Tuesday, September 27, 2022
HomeBusinessThe efforts of Pakistani start-up ‘Educast' have been praised throughout the world.

The efforts of Pakistani start-up ‘Educast’ have been praised throughout the world.

Educast One Pakistani start-up has earned international recognition for its unique and imaginative strategy of providing health counselling to mothers and children in the midst of the coronavirus outbreak.

At the Showcase of Innovation of Tomorrow Powered by Transform Fund in Tashkent, Uzbekistan, Educast was recognised as the finest example of Islamic medical services based on technology. The Tashkent event was organised by the Islamic Development Fund’s Technology Innovation Initiative and took place during the 46th Annual Meeting of the lsDB Group Board of Governors.

It recognised the importance of science, technology, and innovation (STI) as a driver of social and economic development in developing nations. The theme of this knowledge-sharing and networking event was ‘Respond, Restore, Restart: Post-Covid Resilience and Prosperity for All.’

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The IsDB’s transform fund received almost 10,000 project concept proposals from 90 countries in 2019, 2020, and 2021. Educast used its network to assist the Sindh government in caring for 0.4 million Covid patients throughout the pandemic.

The country’s health-care system was spared unneeded pressure as a consequence of this support. In addition, a network of 1,000 trained women doctors connected with the firm provided counselling to Pakistanis residing in GCC countries such as the UAE and Saudi Arabia.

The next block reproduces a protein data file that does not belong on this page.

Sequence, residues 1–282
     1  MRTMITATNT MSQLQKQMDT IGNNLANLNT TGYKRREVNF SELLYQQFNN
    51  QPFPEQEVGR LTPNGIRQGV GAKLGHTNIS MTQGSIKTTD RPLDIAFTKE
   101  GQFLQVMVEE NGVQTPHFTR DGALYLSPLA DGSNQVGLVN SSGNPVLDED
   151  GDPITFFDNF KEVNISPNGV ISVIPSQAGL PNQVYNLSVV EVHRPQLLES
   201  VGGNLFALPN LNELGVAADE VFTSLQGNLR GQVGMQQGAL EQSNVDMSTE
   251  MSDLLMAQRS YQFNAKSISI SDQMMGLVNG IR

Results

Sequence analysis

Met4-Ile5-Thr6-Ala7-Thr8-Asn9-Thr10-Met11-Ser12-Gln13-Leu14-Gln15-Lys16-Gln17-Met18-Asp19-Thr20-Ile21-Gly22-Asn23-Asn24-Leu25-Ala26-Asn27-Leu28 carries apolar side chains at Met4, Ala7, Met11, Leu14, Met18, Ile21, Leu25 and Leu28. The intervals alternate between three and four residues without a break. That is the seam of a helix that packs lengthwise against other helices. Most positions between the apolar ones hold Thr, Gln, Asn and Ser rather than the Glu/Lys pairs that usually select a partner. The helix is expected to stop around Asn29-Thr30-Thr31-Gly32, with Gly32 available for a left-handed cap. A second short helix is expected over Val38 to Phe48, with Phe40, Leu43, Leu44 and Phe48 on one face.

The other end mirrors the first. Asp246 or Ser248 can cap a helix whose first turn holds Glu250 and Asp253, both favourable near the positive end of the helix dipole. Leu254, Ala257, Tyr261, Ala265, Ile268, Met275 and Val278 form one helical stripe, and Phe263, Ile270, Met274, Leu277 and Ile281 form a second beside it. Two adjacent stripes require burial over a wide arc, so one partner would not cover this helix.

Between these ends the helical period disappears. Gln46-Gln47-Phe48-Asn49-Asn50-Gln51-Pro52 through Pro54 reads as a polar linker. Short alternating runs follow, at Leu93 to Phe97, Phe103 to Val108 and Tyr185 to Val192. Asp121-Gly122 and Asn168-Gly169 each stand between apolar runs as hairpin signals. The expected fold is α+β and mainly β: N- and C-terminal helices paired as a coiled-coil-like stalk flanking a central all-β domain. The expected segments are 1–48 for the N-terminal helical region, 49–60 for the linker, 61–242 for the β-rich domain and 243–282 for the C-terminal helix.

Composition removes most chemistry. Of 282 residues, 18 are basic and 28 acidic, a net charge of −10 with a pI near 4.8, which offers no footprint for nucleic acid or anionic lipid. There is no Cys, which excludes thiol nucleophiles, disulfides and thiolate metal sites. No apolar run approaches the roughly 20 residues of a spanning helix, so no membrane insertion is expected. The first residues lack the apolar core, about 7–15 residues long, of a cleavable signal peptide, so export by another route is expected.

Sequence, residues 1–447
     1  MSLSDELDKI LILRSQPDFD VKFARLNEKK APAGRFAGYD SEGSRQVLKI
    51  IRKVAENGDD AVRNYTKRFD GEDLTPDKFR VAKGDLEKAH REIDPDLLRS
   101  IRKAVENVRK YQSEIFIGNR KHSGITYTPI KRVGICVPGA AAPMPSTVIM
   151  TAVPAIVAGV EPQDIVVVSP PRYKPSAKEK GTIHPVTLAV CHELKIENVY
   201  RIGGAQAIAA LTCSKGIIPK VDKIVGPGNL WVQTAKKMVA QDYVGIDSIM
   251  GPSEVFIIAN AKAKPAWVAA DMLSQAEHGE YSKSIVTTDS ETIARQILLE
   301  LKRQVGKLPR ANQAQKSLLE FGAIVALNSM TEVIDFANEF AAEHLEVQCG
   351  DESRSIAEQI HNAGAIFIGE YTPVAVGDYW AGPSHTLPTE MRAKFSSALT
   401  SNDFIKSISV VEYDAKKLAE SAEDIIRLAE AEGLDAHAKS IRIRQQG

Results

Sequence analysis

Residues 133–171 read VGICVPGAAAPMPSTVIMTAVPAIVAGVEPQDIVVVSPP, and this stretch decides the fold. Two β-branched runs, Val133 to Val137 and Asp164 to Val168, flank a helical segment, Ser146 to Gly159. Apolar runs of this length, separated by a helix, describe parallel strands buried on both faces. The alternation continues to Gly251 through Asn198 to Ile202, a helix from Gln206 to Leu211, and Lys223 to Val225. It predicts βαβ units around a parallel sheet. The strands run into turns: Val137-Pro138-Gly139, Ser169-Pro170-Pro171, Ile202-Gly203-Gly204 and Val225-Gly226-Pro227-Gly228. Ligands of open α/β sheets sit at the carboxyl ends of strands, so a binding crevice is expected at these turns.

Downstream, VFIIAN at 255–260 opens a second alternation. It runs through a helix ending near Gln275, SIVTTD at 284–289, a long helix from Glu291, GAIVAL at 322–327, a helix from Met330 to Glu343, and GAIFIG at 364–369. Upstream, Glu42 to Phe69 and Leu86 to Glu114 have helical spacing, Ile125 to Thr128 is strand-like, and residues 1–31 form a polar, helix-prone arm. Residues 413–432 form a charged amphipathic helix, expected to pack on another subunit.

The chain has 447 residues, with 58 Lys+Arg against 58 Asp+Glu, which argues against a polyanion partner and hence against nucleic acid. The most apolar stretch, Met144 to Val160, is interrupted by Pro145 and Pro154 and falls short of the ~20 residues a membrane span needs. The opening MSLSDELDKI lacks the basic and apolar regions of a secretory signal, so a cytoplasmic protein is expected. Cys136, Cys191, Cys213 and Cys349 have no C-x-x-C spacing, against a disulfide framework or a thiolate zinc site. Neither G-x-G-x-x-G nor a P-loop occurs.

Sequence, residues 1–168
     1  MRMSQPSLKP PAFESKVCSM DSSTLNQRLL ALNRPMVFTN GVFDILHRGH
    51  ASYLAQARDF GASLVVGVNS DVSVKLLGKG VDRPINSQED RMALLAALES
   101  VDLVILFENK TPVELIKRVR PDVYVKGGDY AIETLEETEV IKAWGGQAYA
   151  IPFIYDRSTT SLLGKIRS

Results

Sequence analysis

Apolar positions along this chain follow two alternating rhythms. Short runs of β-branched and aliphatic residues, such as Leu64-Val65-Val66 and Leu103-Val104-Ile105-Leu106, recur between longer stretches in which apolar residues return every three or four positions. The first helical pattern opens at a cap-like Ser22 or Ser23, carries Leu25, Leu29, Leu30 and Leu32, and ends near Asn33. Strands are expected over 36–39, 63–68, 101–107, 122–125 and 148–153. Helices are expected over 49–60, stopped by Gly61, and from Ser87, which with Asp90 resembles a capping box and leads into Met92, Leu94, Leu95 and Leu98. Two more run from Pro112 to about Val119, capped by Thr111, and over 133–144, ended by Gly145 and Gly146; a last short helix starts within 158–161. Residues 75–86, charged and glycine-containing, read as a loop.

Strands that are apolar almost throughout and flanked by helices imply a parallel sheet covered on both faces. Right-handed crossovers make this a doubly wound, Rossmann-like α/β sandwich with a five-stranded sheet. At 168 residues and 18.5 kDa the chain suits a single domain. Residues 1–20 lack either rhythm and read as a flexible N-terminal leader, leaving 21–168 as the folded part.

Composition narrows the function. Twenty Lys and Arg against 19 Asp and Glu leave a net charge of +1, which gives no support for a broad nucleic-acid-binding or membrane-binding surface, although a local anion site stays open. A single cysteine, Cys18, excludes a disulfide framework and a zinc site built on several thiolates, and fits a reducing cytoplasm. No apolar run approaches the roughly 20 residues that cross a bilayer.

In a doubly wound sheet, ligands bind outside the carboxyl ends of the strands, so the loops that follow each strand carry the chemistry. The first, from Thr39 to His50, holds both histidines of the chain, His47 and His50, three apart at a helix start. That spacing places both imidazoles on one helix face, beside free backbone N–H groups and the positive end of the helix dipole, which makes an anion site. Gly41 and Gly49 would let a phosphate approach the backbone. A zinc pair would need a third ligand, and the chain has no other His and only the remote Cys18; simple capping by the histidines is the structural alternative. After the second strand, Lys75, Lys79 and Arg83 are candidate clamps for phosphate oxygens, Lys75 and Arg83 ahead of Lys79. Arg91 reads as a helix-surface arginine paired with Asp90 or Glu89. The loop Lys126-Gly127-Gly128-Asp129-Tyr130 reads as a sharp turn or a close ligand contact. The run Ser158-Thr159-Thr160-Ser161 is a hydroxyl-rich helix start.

Educast started off as a method to reintroduce out-of-practice doctors to the business, but it quickly switched its focus to reducing maternal and infant mortality in regions with limited or no access to health care.

After the outbreak of the pandemic, the network initiated a timely Covid-19 programme to give treatment and health consulting to Pakistan’s home-confined patients. “Educast’s extraordinary performance is crucial as the pandemic has significantly affected many IsDB Member Countries and vulnerable people, where innovative use of digital technologies may make a great difference,” said Dr Hayat Sindi, IsDB President’s STI Senior Advisor.

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In addition to Pakistan, Educast’s services have been extended to war-torn Islamic nations including Yemen, Palestine, and Syria, and preparations have recently been started for the establishment of tele-health clinics in Afghanistan.

Educast’s Abdullah Butt said his company’s telemedicine platform offers specialised training to female doctors. These female doctors teach Yemeni medical professionals while also providing on-the-spot medical advice to women in need. “The Educast telemedicine network includes Syria as well as women’s and children’s health and tele-orthopedic services in Palestine.”

He stated that Afghanistan will be the next destination for Pakistani female doctors who will use telemedicine to provide medical consultation and treatment.

“The Pakistani and Afghan governments have been in touch with us, and we want to open tele-health clinics in three different Afghan cities. As soon as the situation is clarified, we will go forward to assist our neighbours who are in desperate need of health care services under the current conditions.” He added.

The underlying driving force behind the initiative is a group of about 1,000 Pakistani women scattered over 27 nations. As a result, 80 percent of female doctors left their careers after completing medical school and returned to their families.

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